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In a Nutshell: The collapse and subsequent bankruptcy of Lehman Brothers in 2008 knocked over the first domino that would topple several respected global financial institutions. From the chaos of that September came the birth of Georgetown University’s Center for Financial Markets and Policy. The center’s founding principle was to give a voice to the financial market at a time when few wanted to speak. Its focus today — on market structure and policy, corporate governance, and financial technology — places the center among the first of its kind in the world. In addition to hosting its own events each year — which draw renowned business leaders and policy makers — the center partners with local Washington, DC, groups and worldwide organizations to create a platform where they can discuss economic trends.
Anyone who follows financial markets remembers where they were on September 15, 2008.
The world economy felt the aftershocks of the global financial crisis long after the last employee dragged his possessions from the Lehman Brothers’ New York offices. The weeks following Lehman Brothers’ historic bankruptcy filing and the market’s subsequent plunge was unlike anything felt since the Great Depression, said Ben Bernanke, the former head of the Federal Reserve, to the Financial Crisis Inquiry Commission in 2009.
Twelve of the most important financial institutions in the US “were at risk of failure within a period of a week or two,” said Bernanke in his 2009 confidential testimony later released to the public.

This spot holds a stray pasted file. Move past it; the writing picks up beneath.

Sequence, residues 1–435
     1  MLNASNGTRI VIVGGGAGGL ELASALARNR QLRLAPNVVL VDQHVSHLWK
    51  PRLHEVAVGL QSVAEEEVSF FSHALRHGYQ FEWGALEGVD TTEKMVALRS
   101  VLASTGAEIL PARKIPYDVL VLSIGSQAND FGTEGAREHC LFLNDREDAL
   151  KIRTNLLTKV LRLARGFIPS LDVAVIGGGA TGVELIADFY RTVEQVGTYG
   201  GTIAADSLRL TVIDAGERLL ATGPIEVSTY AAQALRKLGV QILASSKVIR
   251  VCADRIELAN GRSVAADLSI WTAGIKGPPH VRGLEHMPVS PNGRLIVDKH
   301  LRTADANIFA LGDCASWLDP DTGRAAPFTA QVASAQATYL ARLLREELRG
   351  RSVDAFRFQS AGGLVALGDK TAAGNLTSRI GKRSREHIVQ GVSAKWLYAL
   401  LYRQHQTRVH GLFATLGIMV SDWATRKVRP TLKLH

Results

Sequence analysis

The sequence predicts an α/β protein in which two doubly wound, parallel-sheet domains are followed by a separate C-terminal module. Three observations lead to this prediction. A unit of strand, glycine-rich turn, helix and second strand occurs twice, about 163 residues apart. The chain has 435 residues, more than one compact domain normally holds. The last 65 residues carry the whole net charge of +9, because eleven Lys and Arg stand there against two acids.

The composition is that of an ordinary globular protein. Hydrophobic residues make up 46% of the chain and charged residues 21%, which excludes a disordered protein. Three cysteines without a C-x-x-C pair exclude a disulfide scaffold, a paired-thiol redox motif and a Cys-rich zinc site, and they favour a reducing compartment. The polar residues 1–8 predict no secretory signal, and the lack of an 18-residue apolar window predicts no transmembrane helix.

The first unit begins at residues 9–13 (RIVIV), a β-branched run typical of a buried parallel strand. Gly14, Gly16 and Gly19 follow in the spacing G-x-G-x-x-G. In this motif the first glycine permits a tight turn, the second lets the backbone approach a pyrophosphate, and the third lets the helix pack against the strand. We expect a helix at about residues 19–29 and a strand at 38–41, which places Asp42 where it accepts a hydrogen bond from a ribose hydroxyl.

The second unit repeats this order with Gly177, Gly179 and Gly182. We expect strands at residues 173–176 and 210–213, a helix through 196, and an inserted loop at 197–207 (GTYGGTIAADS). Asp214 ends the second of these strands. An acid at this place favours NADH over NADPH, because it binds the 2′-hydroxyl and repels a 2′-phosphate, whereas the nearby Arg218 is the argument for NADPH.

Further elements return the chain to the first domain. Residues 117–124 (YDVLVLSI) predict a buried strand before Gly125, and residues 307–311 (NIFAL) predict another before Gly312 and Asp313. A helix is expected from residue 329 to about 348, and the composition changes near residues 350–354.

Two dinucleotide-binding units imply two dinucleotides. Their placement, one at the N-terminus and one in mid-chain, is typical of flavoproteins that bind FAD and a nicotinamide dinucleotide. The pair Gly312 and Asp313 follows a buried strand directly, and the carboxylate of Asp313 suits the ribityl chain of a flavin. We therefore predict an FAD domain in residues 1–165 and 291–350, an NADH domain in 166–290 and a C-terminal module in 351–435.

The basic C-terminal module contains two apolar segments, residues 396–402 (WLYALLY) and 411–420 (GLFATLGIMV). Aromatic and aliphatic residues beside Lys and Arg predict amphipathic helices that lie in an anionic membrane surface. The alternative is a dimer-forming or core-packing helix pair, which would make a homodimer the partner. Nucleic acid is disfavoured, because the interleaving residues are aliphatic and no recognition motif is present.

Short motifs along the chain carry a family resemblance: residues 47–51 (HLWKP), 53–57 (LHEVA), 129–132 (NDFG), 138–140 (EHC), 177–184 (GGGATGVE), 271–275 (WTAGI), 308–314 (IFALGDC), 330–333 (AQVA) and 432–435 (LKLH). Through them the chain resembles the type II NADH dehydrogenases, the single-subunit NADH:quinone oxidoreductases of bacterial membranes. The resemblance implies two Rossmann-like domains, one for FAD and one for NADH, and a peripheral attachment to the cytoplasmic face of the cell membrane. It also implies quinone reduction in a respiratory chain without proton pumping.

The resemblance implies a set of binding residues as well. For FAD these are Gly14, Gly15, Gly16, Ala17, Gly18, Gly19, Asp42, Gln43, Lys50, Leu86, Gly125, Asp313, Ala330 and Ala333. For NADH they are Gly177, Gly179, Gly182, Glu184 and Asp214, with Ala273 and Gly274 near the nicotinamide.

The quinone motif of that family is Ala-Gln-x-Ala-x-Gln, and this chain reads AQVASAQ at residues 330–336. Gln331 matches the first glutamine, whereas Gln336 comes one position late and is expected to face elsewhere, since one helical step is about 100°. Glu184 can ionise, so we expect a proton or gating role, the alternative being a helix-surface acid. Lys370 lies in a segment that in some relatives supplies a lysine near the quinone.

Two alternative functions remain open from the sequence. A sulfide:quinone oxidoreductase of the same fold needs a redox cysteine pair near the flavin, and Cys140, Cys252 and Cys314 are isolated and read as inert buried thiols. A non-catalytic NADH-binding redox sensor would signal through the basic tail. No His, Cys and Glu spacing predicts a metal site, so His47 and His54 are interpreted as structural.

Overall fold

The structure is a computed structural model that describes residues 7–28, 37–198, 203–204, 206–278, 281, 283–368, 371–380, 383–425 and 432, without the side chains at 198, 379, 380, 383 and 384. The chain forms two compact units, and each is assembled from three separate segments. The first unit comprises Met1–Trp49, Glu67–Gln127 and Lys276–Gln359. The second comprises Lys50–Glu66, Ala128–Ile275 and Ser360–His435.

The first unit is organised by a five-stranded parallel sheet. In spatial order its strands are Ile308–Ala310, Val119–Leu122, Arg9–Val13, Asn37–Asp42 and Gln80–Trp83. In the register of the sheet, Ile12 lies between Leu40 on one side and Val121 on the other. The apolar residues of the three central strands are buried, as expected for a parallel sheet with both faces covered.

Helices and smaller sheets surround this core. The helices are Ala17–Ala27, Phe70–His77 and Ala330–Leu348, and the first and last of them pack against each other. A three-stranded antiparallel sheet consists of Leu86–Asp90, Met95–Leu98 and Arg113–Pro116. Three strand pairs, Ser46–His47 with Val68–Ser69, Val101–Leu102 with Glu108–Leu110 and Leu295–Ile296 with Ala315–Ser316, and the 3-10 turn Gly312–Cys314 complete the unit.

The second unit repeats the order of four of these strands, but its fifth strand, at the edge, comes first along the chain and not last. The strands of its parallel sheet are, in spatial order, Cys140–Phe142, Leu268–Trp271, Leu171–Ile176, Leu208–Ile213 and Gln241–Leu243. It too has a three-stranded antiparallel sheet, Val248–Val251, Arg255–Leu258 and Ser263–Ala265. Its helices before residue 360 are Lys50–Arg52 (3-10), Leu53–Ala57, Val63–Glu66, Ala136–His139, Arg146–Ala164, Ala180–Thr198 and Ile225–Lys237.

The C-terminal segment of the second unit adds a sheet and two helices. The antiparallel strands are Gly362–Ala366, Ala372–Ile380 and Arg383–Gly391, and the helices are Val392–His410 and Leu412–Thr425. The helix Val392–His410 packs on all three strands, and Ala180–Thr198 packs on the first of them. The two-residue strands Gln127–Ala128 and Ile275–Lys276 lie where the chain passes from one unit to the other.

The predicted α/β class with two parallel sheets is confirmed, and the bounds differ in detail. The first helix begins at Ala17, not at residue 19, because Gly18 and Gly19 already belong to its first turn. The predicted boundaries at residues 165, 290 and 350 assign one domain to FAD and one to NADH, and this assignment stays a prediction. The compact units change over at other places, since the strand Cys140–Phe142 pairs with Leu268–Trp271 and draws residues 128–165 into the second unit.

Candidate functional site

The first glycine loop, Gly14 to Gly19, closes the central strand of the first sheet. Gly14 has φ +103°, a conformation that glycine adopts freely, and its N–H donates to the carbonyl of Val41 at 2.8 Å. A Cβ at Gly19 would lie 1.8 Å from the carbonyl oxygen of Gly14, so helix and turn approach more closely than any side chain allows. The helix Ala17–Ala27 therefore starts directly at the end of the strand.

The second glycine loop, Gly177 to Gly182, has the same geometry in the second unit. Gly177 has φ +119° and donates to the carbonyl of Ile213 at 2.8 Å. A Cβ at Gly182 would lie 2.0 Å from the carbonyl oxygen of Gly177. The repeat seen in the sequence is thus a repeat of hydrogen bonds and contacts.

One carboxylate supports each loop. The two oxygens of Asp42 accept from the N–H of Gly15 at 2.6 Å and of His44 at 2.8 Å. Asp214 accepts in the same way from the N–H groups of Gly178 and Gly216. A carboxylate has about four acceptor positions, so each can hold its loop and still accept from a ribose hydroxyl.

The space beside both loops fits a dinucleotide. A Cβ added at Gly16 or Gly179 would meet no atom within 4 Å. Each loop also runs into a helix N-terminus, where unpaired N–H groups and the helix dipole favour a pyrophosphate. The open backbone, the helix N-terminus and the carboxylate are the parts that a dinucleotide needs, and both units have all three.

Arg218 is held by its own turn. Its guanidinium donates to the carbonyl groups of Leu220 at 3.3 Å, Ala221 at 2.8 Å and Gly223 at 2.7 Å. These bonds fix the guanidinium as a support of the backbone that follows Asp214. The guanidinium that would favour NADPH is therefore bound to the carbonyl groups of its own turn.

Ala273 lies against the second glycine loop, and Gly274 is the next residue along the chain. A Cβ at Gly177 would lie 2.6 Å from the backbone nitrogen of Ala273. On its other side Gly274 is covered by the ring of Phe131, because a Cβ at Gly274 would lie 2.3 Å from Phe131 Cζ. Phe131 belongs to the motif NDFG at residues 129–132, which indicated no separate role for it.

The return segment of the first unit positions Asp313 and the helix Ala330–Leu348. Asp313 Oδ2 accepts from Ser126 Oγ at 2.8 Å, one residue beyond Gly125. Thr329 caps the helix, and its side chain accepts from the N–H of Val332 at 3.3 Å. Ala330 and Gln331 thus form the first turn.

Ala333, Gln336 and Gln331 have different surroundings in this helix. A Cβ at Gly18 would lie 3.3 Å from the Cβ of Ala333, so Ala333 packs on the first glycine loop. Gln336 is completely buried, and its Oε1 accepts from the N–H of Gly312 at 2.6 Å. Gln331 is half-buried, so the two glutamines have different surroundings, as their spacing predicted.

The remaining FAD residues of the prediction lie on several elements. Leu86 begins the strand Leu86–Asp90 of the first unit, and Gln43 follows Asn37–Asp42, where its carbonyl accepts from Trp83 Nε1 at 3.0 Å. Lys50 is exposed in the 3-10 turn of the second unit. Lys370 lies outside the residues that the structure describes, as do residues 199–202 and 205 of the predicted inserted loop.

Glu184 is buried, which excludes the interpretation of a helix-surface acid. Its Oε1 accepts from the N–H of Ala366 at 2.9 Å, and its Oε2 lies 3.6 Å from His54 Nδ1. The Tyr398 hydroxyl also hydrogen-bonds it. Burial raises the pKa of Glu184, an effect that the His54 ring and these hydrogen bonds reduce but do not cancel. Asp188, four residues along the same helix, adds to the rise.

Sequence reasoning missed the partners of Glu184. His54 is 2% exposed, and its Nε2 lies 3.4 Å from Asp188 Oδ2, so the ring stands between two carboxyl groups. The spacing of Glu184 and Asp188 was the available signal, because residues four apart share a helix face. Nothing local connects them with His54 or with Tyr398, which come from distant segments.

Nearly every name-brand bank went into hiding, with ledger books secured, and remained silent. Amid takeovers and bailouts, some parts of the world economy still have not recovered.
From the ashes of that financial crisis rose Georgetown University’s Center for Financial Markets and Policy. A long-standing leader in business and financial market education, the center seemed a natural way to blend the talents of many departments into one to understand the economic events of the day.
“We realized no one really spoke out on behalf of the entire financial system,” said Executive Director John Jacobs. “All of the banks and financial service firms had their head down and tried to survive and not become the next Lehman Brothers. The regulators had their nose to the grindstone, trying to fix things and turn it around to support the system. No one engaged in dialogue.”
Lack of communication and updates kept investors on the sideline for months. Bank customers in fear of another Great Depression pulled money from banks. In Washington DC, all political, financial, and business wheels ground to a halt. On the northwest side of town, one group worked to bring understanding to the confusion and chaos.
“Georgetown has a history of bringing together disparate parties without an agenda,” John said. “We try to facilitate dialogue between industry and regulatory policymakers and have a pretty good reputation for being neutral in the middle. That helps us drive dialogue and research on a global basis.”
The school’s prestige among scholars made it an obvious choice to host this groundbreaking venture.
“The McDonough School of Business has multiple centers of excellence and Georgetown’s specialty in market structure began at least 20 years ago,” John said. “We have many experts on many different topics, but this was an opportunity to bring them all together under one umbrella of Financial Markets and Policy. It kind of formalized the informal work that’s gone on here for the last couple decades.”